Over 697 years of history

The origins

The origins of Nawojowa village date back to the year 1320, when it was founded as a feudal village by the Krakow Castellan Nawoj bearing the “Topór” (“Hatchet”) coat of arms. In the 16th century, it belonged to Piotr Nawojowski, who built a brick manor here in the years 1580-1590. Later, the estate was purchased by Grzegorz Branicki. In 1601, he in turn sold it to the Lubomirski family, who owned it until 1713. Later, its owners changed several times, until in 1799 it finally became the property of Count Franciszek Stadnicki of the “Szreniawa” coat of arms. His descendants developed the estate and transformed it into their family residence.

During World War II, the occupying forces stationed in the palace and in 1945 the estate of the Stadnicki family was taken over by the State.

Since 1982 it had been the seat of the National Animal Farming Technical Secondary School and more recently – the Agricultural Counselling Centre of Małopolska and the Agency for Restructuring and Modernisation of Agriculture.

The image depicts Count Franciszek Stadnicki, 18th century, and a photo of the coat of arms of the Stadnicki family – Szreniawa.

By virtue of the decision of the Minister

of Agriculture and Rural Development of 2013, the palace and park complex in Nawojowa was returned to the heirs of Count Adam Stadnicki. Staroste Jan Golonka signed the document confirming “transfer of ownership title” to the park and palace complex and handed it over to Mr. Andrzej Mańkowski, the heir of the Count, while Mr. Andrzej Stadnicki, the grandson of the Count, received a symbolic key to the palace doors. The rightful owner of the estate, Mr. Adam Stadnicki, with a passion for forestry, created a natural foundation for the later Poprad Landscape Park. He also built churches and supported the poor. Under his rule, small-scale trade and industry thrived and education developed.

His descendants are a guarantee that the Palace in Nawojowa will be restored to its original glory and become a meeting place for the cultural, artistic and business circles. These tasks are realised by a company established specially for this purpose – Pałac w Nawojowej spółka z o. o. (Limited Liability Company).

Images (top-down): The Mańkowski and Stadnicki family in front of the palace in Nawojowa. Count Andrzej Stadnicki receives the symbolic key to the palace. Documents are handed over to Count Andrzej Mańkowski. Archive photos, source: http://archiwum.sadeczanin.info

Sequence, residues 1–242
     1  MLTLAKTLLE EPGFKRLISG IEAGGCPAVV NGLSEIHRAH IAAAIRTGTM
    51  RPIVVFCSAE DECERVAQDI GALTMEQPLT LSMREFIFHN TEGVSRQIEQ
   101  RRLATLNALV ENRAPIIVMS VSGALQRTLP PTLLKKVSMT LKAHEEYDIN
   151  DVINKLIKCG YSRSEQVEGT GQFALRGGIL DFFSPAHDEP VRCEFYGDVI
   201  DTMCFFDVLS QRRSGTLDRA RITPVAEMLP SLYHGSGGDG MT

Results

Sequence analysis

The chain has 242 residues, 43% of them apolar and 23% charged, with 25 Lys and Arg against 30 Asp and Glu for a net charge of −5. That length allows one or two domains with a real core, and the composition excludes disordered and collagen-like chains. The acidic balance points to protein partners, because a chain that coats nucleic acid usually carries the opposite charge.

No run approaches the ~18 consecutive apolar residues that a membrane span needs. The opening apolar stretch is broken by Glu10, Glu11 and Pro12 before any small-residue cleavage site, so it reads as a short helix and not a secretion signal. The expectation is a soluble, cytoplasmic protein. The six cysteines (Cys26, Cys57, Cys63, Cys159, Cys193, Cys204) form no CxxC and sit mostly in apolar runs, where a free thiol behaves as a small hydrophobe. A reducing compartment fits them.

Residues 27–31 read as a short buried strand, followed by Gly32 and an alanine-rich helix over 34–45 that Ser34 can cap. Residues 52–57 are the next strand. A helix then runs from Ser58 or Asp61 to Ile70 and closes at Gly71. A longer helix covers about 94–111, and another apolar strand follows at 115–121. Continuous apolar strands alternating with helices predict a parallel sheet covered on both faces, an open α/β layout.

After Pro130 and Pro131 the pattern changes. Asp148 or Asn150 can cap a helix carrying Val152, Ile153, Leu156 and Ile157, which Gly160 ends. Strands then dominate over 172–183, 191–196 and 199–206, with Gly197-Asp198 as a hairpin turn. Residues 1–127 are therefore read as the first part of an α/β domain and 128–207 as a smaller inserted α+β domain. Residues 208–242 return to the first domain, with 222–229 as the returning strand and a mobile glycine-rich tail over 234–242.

The Stadnicki Palace

consists of two perpendicular wings. The older part, which includes the Renaissance manor of Piotr Nawojowski, is a two-storey building, with buttresses and small towers on the corners. The floor plan of the building is symmetrical, with the vestibule in the axis. The original stone vaults are preserved in the cellars, along with portals, ovens and floor tiling on the upper floors and painted tariff ceilings in some of the rooms.

The older part of the palace is connected to the new wing by a six-floor high tower. The new, west wing was constructed on a three-road plan, with a rysalit on the west side. After several reconstructions at the turn of the 19th and 20th centuries, it became modernist, with neogothic elements.

The Stadnicki Palace in Nawojowa, beginning of the 20th century. Photo: archive.

The most important

modifications were introduced by Adam Stadnicki in the first 30 years of the 20th century. His office was on the ground floor, and above it was the so-called winter garden with a glass roof. The library and drawing room were on the first floor and the children’s bedrooms were on the second floor. In this part of the palace, the interior decorations such as windows, doors, portals, fireplaces, ovens, and mirror frames remained in their historical, 19th century forms.

The park arrangement surrounding the palace was created in 1840, on the initiative of Edward Stadnicki. The trees include, among others, a platan tree, tulip tree and red oaks planted in the 1840s, as well as thuyas, taxodium, hemlock, Douglas fir and Cercidiphyllum japonicum (Katsura) that have grown there since the beginning of the 20th century.

Top-down: Count Adam Zbigniew Leon Stadnicki The couple Adam and Stefania Stadnicki. Text: B. Sanocka (2008)